FUBI - Full Body Interaction Framework

Start date: 01.01.2011
Funded by: EU (Europäische Union)
Local head of project: Dr. Felix Kistler


Full Body Interaction Framework (FUBI) is a framework for recognizing full body gestures and postures in real time from the data of a depth sensor integrated using OpenNI or the Kinect SDK.

Quicklinks:        Download        Documentation        Related Publications



Fubi is a framework for full body interaction using a depth sensor such as the Microsoft Kinect or the Asus Xtion. It can be used with OpenNI/NiTE or the Kinect SDK. Since version 0.9 it further supports the Leap Motion Controller. FUBI is written in C++ and additionally includes a C#-Wrapper. FUBI releases are only tested on Windows, but the community has already successfully built it under a Linux environment with only slight modifications needed. The download comes with Visual Studio 2010 and 2013 solutions including two sample application that should be ready to compile. You only need to install the dependencies as described in the installation instructions and set the include and lib paths for OpenCV in Visual Studio or comment out the line "\#define FUBI_USE_OPENCV" in the FubiConfig.h if you do not want to use OpenCV. Within this file you can also define which tracking software you want to use: OpenNI v 1.x, 2.x, or the Kinect SDK 1.x or 2.x, but you can also switch between the different trackers during runtime.
FUBI is freely available under the terms of the Eclipse Public License - v 1.0.
You can get the sources with Visual Studio 2010 and 2013 solutions here:


The download page also provides a precompiled Unity3D integration of Fubi.
More information can be found in the documentation and in the related publications.

If you use Fubi in a scientific project, please cite one of the related publications. If you use FUBI for a game-like application and/or you use the Unity integration, please cite the INTERACT 2013 paper. If you use Fubi with robots, please cite the IJSR 2014 paper. In all other cases, you can cite the ICIDS 2011 paper or the JMUI 2012 paper.

Fubi's main functionality is providing gesture and posture recognition capabilities.
The Framework therefore distinguishes between three gesture categories:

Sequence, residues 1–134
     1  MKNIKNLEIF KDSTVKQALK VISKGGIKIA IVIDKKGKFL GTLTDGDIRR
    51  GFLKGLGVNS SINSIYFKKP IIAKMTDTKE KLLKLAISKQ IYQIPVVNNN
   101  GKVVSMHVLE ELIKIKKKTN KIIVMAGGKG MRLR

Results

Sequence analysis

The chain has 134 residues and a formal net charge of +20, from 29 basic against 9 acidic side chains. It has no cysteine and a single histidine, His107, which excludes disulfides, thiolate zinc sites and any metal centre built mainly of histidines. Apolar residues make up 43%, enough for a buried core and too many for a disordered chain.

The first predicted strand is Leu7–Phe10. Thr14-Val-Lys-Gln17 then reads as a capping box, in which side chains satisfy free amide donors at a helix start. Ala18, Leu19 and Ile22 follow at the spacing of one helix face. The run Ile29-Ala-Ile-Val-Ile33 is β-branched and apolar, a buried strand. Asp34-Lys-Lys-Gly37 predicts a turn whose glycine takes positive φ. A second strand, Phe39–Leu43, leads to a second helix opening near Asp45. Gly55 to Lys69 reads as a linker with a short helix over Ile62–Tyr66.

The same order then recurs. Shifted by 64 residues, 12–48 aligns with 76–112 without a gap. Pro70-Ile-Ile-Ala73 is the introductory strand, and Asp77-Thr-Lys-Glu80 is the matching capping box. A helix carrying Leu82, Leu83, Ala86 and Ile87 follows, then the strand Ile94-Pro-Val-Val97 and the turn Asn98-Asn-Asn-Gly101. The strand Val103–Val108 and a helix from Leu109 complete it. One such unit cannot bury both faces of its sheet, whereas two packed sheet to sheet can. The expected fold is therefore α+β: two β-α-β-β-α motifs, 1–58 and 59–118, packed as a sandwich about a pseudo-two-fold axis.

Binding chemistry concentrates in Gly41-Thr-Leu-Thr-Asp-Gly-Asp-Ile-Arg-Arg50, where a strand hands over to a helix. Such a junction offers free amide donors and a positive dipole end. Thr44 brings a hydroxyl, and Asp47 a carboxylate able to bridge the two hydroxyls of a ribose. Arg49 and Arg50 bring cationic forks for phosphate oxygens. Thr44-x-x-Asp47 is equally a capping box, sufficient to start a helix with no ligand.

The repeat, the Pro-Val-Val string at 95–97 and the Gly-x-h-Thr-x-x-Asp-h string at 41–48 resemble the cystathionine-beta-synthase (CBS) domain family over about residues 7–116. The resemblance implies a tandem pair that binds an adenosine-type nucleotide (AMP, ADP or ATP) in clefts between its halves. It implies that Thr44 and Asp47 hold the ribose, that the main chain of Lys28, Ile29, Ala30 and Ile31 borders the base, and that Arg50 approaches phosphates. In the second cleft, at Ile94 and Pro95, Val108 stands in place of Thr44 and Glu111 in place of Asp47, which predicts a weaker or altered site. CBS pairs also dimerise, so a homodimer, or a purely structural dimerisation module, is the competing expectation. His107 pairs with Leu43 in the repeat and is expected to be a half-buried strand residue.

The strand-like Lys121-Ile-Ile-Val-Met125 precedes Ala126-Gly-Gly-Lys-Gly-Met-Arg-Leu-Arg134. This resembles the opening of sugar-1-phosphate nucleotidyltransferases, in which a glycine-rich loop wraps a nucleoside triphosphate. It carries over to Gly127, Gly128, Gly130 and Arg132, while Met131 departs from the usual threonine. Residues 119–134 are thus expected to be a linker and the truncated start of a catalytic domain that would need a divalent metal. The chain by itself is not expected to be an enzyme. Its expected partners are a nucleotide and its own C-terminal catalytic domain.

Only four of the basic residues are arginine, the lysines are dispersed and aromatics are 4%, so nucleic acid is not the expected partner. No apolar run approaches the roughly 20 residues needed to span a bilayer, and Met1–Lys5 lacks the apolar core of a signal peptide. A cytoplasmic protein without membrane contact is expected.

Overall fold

1. Static postures: Configuration of several joints (positions or orientations) or number of displayed fingers (=finger count), no movement (e.g. figure 1: "arms crossed").
  2. Linear/Angular movements: Linear movement of several joints with specific direction and speed (e.g. figure 2: "right hand moves right") or angular movement of a joint (e.g. "turn head right").
  3. Combination of postures and movements: Combines sets of 1 and 2 in a sequence of states with specific time constraints (e.g. figure 3: "waving right hand").
  4. Symbolic gestures: Gesture with complex shape that are defined by recorded sample data. (e.g. figure 4: "right hand circle").
Figure 1: arms crossed

Figure 2: right hand moves right 

Figure 3: waving right hand
Figure 4: right hand circle

A description of the categories and how they are recognized was published in Journal on Multimodal User Interfaces, you can find the information here. 

Gestures can be defined in C++/C# code or (preferred) using an XML based definition language.
For example, the following XML code defines a head nod gesture for recognition with Fubi:
The head nod is defined as a combination recognizer with four states, each calling a angular movement recognizer that waits for a specific head pitch movement.

The following image shows a study setup, in which 18 participants had to perform gestures during so-called quick time events in a multi-party interactive storytelling scenario. We recognized 97% of their gestures (65 out of 67 gestures).
The corresponding paper was published on ICIDS 2011, you can find more information on it here.

Quick time setup image

More information on the recognizable postures and gestures can be found in the documentation.

Fubi includes a GUI application that is build upon its C# wrapper. In the GUI, you can test your recognizers, look at all the information Fubi offers regarding the sensor streams and user tracking, change and test the filter values, and start mouse emulation for freehand interaction  and bind gestures to key or mouse events, e.g. for clickingThe latest feature is a tool that records gesture performances and can generate valid Fubi gesture XML out of that performance.
You can find more information in the tutorial.
This is how it looks like:

There also exists a Unity Integration for Fubi which again uses the C# wrapper and therefore works with the free Unity versions. It supports to add gestural interaction by using gesture symbols that can be used as default Unity button. As soon as such a symbol is shown on screen, Fubi automatically checks the corresponding recognizer and sends a click event if it has finished successfully. Further, Fubi provides buttons and a swiping menu to implement freehand GUI interaction in Unity.
More information can again be found in the corresponding tutorial.
Here a screen shot (note that it would usually make no sense to use a gesture symbol, a freehand button and a swiping menu all at the same time, but this is meant for demonstration purposes only):

The Unity integration is also used in the Traveller application of the eCute project.
Therefore, we used a technique to gather a user defined gesture set that is described in the paper presented on INTERACT 2013 along with a poster/demonstration that won the best poster award.
Here a screen shot: